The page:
- Apart from the particular strain you use, you need to consider ONSET OF ACTION and DURATION OF ACTION. Ie, how long does it take the product to start working, and how long does it last? Smoking and vaping will start working the fastest (a few minutes) and will wear off the fastest (within a few hours). This is best if you have trouble falling asleep only, and are sensitive to morning sedation. Edibles will take the longest period of time to start working (an hour or more), and will last the longest (8+ hours), so you have to take these at least an hour before bed, if not more, and they will be in your system longer to help you stay asleep if you have frequent nighttime awakenings, but could still be in your system in the morning and cause morning sedation. If you smoke or vape and wake up in the middle of the night, you could smoke again and use this to get back to sleep, as long as you have at least 3 hours until you need to get up in the morning, and it should be out of your system.
- Is your sleep hygiene good? Do you keep your room cool and dark, avoid doing work in bed, turn off screens at least an hour before bed? Google “sleep hygiene” and make sure you are following these guidelines too.
- Are there other causes of your insomnia that you need to address? Stress, medical issues, other medications you use that could be contributing to the problem?
- Could you try Cognitive Behavioral Therapy for insomnia? This is a particular type of therapy that helps with chronic insomnia, that is time-limited (you do a dozen sessions, and then you’re done). If you’re motivated, you can do it on your own. Google “CBT for insomnia.”
- If you improve your sleep and you still have depression and anxiety, THEN you need to look into additional treatments besides marijuana, because marijuana does not address the underlying cause of these issues and is more of a short-term solution.
I actually find in the interviews that a lot of patients are using Sativa during the day and then in the evening they change to Indica but I always caution patients to never follow Sativa with Indica because it will just bounce up the THC level and they won’t be able to sleep because of the party going on in their head. It is wise after having Sativa to use CBD because CBD will combine with the high THC from Sativa and it will form Indica in your body and you will sleep well.
An exception to this might be when your mind is afraid that you will forget to do something the next day so I also encourage you to have a tablet and pencil next to the bed so you can scribble the thoughts in your head and your mine can relax because you put the thoughts on paper.
You can always keep a high CBD sublingual, nonalcoholic tincture in your refrigerator and if you find there is a party going on in your head, typically you can shut down the party with a couple sprays of CBD.
In addition please read Dr. Miller’s suggestions.
Finding a cannabis preparation to help them sleep is at the top of the medical cannabis list for many patients. It is useful to remember that cannabis is rich in what are called “essential oils,” terpenoid compounds like orange oil and rose oil. These are what give the plants their characteristic fragrance. Essential oils have been known in folk medicine to have calming and sedative properties, and they are commonly found in teas and herbal remedies.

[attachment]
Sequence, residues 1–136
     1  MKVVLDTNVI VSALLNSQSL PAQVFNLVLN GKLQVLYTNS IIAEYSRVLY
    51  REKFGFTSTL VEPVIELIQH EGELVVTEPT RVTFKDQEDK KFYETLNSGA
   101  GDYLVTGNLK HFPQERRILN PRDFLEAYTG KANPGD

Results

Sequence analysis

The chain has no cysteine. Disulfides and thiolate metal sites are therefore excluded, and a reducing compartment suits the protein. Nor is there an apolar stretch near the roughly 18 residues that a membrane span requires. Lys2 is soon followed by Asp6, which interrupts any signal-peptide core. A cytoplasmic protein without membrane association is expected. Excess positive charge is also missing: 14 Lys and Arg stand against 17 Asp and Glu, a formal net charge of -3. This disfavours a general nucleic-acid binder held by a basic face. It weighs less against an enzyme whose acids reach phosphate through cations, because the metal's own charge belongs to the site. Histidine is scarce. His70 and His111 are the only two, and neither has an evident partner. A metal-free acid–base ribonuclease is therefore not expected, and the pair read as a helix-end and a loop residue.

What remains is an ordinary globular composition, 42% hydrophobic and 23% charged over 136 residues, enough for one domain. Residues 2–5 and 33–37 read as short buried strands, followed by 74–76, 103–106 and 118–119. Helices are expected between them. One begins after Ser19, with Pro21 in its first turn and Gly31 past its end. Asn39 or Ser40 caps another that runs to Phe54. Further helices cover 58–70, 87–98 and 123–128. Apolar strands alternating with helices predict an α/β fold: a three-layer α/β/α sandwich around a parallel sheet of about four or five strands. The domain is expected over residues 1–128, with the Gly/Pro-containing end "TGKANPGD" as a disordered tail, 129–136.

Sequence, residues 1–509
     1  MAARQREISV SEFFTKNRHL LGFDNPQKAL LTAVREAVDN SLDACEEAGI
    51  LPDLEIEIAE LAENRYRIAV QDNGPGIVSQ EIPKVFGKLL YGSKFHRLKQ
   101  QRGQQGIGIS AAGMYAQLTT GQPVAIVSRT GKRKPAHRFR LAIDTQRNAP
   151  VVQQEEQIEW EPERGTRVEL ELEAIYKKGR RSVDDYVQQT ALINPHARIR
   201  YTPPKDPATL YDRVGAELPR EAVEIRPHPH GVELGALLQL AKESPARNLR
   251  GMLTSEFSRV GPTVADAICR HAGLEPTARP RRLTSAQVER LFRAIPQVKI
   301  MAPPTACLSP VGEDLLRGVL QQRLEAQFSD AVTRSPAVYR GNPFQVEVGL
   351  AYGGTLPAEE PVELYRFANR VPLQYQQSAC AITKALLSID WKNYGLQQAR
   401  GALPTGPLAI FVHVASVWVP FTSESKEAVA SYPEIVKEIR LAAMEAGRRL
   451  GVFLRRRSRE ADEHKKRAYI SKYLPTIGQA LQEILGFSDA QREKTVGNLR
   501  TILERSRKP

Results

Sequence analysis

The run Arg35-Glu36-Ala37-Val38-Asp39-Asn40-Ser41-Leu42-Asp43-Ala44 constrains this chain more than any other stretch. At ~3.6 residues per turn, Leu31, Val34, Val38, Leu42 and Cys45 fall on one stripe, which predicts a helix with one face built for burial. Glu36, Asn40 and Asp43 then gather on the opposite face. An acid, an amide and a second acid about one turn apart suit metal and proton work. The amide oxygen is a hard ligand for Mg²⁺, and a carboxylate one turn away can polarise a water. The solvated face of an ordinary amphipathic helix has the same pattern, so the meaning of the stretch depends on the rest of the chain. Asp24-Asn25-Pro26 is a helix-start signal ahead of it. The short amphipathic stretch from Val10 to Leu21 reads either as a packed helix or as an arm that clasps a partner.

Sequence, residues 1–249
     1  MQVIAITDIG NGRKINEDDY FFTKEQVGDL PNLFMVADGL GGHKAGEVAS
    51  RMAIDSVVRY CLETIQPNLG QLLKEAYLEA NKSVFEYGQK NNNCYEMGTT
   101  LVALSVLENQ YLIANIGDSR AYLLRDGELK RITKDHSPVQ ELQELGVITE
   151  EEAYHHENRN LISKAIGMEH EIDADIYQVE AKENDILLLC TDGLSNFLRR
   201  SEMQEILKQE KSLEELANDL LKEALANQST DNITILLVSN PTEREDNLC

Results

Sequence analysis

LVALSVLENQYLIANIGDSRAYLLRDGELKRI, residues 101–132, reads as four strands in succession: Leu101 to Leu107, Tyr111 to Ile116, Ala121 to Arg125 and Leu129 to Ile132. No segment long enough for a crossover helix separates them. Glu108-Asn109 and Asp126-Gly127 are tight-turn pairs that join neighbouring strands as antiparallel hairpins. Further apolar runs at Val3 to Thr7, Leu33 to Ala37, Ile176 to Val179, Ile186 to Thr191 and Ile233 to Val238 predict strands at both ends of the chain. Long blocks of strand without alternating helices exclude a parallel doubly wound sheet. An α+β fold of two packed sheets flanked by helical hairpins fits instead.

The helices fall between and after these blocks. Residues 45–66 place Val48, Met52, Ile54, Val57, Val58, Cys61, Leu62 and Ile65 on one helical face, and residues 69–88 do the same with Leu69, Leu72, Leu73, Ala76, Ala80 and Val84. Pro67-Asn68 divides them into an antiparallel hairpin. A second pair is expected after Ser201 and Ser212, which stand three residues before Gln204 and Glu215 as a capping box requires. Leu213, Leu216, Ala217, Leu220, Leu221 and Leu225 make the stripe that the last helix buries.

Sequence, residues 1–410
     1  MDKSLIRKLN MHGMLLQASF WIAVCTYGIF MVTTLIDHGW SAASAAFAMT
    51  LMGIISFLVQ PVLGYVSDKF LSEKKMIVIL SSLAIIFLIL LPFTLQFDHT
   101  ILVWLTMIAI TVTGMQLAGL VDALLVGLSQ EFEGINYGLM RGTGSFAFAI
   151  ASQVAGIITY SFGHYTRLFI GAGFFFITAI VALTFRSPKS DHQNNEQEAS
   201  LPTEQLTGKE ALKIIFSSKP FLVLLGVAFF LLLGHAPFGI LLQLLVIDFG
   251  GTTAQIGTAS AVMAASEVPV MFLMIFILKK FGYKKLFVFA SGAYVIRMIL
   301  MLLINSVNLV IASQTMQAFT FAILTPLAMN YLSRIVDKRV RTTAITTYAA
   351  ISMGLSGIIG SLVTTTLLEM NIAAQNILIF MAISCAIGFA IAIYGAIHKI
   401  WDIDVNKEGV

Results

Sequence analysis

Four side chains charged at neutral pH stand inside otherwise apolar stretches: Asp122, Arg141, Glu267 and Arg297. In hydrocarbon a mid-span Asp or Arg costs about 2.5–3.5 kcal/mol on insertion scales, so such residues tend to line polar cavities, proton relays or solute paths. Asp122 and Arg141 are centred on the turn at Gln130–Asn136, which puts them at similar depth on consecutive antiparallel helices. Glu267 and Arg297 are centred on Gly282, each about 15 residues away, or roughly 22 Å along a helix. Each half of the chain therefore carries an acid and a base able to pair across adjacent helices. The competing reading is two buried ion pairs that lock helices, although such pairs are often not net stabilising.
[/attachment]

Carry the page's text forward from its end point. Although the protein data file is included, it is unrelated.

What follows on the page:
Some cannabis strains are rich in terpenes that particularly promote these sedative effects, and this may have much to do with how relaxing and sleep-promoting people find them. As other answers have noted, Indica varieties have traditionally been thought of as particularly helpful for sleep and easing chronic insomnia. Apart from the issue of terpenes, the CBD:THC balance is very important in avoiding the excitation associated with larger doses of THC taken without enough CBD.
Finding a cannabis variety with a rich terpene profile and relatively rich CBD content might be a useful way to look for a preparation to help sleep. But because so many hybrid varieties have been developed to accent various cannabis properties, and because people can be so different in the way they respond to particular cannabis strains, patience and a bit of cautious experimentation is often required to find what is reliably helpful.
I have many members that have insomnia due to anxiety. Most have results from taking a combination of CBD and THC. Both CBD and THC are helpful with anxiety. An Indica strain of THC is very helpful with insomnia. As long as you take a higher dose of CBD than THC, most people do not feel the “high” of the THC, but do get the medicinal effects. You do have to have patience to experiment to find what is right for you.
You may still need to do a bit of personal experimenting, to identify the dosage and ratio that works best for you. CBD for many people may not alleviate insomnia but instead, increase alertness.
The tincture/juice sounds like a good next step, because there may have been other ingredients in the candy and chocolate that interfered with the delivery of the CBD/THC.
For example, sugar reduces the effectiveness of THC. And, for some people, eating sugar — or other stimulating foods/drink — late in the day/night, can significantly interfere with the quality of their sleep. Similar to drinking alcohol before bedtime — consuming sugar can also be quite disruptive to a good night’s sleep.
When researching which juice/tincture or edible may be best for you, look for ones that are made with ‘whole plant compounds’, and of a cannabis variety that is indicated for relief from insomnia. As a general rule of thumb, Indica strains are known for their ‘power down’, calming, and sedative effects.
(On a related note: In our TGCC Indica edible we use whole plant compounds, and no cane sugar or other sweeteners that can spike blood sugar levels. We also add a small amount of kava kava, known for its relaxing properties. Many patients who have suffered from severe insomnia have reported that the TGCC Indica solved the problem for them.)